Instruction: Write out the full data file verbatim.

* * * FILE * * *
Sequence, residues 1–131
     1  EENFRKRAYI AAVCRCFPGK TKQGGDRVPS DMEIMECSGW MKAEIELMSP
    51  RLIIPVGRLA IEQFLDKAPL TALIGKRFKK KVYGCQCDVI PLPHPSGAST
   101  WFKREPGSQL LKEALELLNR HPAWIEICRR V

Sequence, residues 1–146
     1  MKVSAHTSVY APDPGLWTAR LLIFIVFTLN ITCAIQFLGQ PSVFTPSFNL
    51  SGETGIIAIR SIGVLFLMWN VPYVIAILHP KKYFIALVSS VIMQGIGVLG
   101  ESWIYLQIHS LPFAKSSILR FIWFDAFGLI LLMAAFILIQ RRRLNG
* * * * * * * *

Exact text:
Sequence, residues 1–131
     1  EENFRKRAYI AAVCRCFPGK TKQGGDRVPS DMEIMECSGW MKAEIELMSP
    51  RLIIPVGRLA IEQFLDKAPL TALIGKRFKK KVYGCQCDVI PLPHPSGAST
   101  WFKREPGSQL LKEALELLNR HPAWIEICRR V

Sequence, residues 1–146
     1  MKVSAHTSVY APDPGLWTAR LLIFIVFTLN ITCAIQFLGQ PSVFTPSFNL
    51  SGETGIIAIR SIGVLFLMWN VPYVIAILHP KKYFIALVSS VIMQGIGVLG
   101  ESWIYLQIHS LPFAKSSILR FIWFDAFGLI LLMAAFILIQ RRRLNG